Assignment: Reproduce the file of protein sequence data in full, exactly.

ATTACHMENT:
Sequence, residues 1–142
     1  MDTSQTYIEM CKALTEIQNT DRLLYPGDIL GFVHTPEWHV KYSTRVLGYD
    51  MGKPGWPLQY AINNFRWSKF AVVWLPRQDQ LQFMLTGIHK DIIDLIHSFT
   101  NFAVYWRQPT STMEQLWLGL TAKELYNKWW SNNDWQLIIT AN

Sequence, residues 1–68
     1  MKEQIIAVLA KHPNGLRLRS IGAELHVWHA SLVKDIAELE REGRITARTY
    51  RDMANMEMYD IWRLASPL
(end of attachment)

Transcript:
Sequence, residues 1–142
     1  MDTSQTYIEM CKALTEIQNT DRLLYPGDIL GFVHTPEWHV KYSTRVLGYD
    51  MGKPGWPLQY AINNFRWSKF AVVWLPRQDQ LQFMLTGIHK DIIDLIHSFT
   101  NFAVYWRQPT STMEQLWLGL TAKELYNKWW SNNDWQLIIT AN

Sequence, residues 1–68
     1  MKEQIIAVLA KHPNGLRLRS IGAELHVWHA SLVKDIAELE REGRITARTY
    51  RDMANMEMYD IWRLASPL